The big news as I write this midday Tuesday is coming out of New England where Patriots coach/general manager Bill Belichick decided to cut Cam Newton and award the starting quarterback job to rookie Mac Jones.
This caused Jones’ Offensive Rookie of the Year odds to crash from this morning’s odds of 10-1 and 8-1 down to anywhere from 400 to 250. If you were awake early and able to grab Jones 1000 or 800 for Offensive Rookie of the Year, you made a decent bet, but those numbers are long gone now and I couldn’t advocate taking any rookie other than Trevor Lawrence at less than 400 odds.
But I don’t have a problem making a small bet on Jones to win the MVP. It sounds crazy and it probably is, which is why I said I’m making a small bet on it and not dumping money on it, but rookie or not, I think 100-1 is a good price for any starting quarterback, especially the one being coached by Belichick.
Jones is 75-1 to win NFL MVP at FanDuel and 100-1 at DraftKings and Westgate Superbook. BetMGM currently doesn’t have NFL futures available. I bet $250 at 100-1 and I think Jones is a better bet, or rather, has a better chance of winning NFL MVP than quarterbacks with lower odds such as Drew Lock at 65-1. Who’s betting that?
Carson Wentz at 50-1? I’d rather have Jones. Tua Tagovailoa at 40-1? Sam Darnold 6500? Joe Burrow and his gimpy leg at 40-1? I’d rather have Jones.
The Patriots’ win total is 9.5 and their “make-the-playoffs” odds at DraftKings are Yes 115, No -135. It’s easy to envision a scenario in which the Patriots reclaim the AFC East from the Bills and Mac Jones is starting his first career playoff game this season. I think 100-1 is the highest MVP odds we are going to see on Jones all season.
Most passing yards: Trevor Lawrence 5000
I made a similar bet last year, putting money on No. 1 overall pick Joe Burrow to lead the NFL in passing as a rookie. The reasoning here is simple. The Jaguars are a bad team, which means they will be playing from behind most games and will have ample garbage time for Lawrence to pile up stats. It wouldn’t surprise me to see Lawrence attempt more than 40 passes a game every week. I also don’t think Urban Meyer is going to do well coaching in the NFL, but that’s another column for another day.
Lawrence will likely follow the pattern of Burrow, who in 10 starts before blowing out his knee last season, attempted 404 passes with a low of 34 and a high of 61. With health and 17 starts, Lawrence could easily be the first rookie quarterback since Peyton Manning in 1998 to lead the NFL in passing yards.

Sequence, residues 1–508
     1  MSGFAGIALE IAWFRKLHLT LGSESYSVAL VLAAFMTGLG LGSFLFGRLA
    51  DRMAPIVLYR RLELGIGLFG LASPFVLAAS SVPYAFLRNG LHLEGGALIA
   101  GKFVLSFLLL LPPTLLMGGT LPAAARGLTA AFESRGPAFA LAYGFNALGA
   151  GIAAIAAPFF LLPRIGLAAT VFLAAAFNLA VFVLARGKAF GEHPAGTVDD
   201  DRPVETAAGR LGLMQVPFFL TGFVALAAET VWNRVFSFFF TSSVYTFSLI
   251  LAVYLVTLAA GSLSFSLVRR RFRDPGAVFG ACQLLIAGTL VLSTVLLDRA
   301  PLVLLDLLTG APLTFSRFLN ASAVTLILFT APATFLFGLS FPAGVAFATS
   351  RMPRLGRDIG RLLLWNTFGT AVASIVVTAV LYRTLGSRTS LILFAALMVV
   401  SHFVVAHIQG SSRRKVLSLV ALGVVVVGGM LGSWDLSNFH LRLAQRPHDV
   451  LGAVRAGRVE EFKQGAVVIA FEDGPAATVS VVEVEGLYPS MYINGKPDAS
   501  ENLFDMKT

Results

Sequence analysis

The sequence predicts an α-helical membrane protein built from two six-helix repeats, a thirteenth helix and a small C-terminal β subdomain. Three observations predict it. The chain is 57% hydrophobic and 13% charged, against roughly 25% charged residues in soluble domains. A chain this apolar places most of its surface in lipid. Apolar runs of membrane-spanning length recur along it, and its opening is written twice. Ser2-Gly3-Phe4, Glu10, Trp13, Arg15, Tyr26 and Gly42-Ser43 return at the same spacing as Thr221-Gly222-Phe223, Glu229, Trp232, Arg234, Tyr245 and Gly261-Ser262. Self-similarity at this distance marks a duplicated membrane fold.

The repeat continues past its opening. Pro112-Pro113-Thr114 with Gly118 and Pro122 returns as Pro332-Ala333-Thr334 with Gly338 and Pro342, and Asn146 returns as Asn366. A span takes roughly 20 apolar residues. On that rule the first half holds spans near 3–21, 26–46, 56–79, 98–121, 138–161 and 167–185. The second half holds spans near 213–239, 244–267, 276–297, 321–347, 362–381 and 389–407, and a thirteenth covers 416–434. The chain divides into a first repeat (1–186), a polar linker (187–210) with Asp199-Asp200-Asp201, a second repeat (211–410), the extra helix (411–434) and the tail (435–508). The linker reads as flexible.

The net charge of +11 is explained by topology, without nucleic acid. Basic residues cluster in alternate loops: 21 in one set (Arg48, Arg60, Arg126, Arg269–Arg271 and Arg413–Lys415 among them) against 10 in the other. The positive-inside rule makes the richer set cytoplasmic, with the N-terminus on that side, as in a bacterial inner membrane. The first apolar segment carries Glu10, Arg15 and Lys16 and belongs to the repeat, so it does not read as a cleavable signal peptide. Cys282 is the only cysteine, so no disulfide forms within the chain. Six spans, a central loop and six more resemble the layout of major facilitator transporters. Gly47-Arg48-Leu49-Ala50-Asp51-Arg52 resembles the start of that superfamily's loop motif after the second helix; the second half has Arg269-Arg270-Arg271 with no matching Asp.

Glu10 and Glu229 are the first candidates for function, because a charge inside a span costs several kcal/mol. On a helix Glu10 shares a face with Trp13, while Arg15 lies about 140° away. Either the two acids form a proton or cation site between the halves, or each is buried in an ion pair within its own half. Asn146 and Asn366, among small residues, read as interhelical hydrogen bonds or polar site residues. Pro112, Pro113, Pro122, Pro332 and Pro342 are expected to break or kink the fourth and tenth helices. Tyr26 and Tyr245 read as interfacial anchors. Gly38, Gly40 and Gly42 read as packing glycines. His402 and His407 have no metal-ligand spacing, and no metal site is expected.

AL Cy Young
Gerrit Cole -175
Lance Lynn 260
Robbie Ray 350
Carlos Rodon 1300
Shohei Ohtani 3600
Odds off the board at BetMGM and DraftKings
The AL Cy Young market has sort of sorted itself out with Lance Lynn going on the injured list and Gerrit Cole finishing August with back-to-back six-inning shutouts against the A’s and Twins. Cole finished August with a 0.51 ERA over 17 1/3 innings with 24 strikeouts.
I think Carlos Rodon spent too much time on the injured list and Shohei Ohtani had a chance to make a late run before he gave up four earned runs in a start against the Orioles last week. Ohtani needed to rebound with a strong start against the Yankees this week, but a wrist injury will prevent Ohtani from making a serious run for the Cy Young in September. He will have to settle for MVP only.
With Lynn on the IL and likely headed for a down-ballot Cy Young finish, Cole’s main competition is Blue Jays starting pitcher Robbie Ray, who pitched 41 innings in August with a 1.76 ERA and 52 strikeouts. Ray was available as high at 100-1 as late as the All-Star break and with a strong finish might swipe the award from Cole. Below are Cole and Ray’s season-long numbers.
Cole: 13-6 W/L, 24 starts, 148 innings, 46 ER, 18 home runs, 200 strikeouts/32 walks, 12.16 K/9, 2.71 xFIP
Ray: 10-5 W/L, 26 starts, 159.1 innings, 48 ER, 25 home runs, 202 strikeouts/39 walks, 11.41 K/9, 3.21 xFIP
It’s very close between Cole and Ray. If I had to take a bet, I’d take 350 on Ray at FanDuel or wait and see where DraftKings/BetMGM reopen, although I expect both to be lower than 350. This has been my least favorite race all season, and I took a few small stabs with Ohtani, Chris Bassitt, who had a real chance until he was hit by a line drive and suffered a facial fracture, and Zack Greinke, who leads the AL in innings but has nowhere near the metrics in any other categories to contend. I’m going to leave this market alone this week and wait and see what happens with Cole and Ray’s next starts.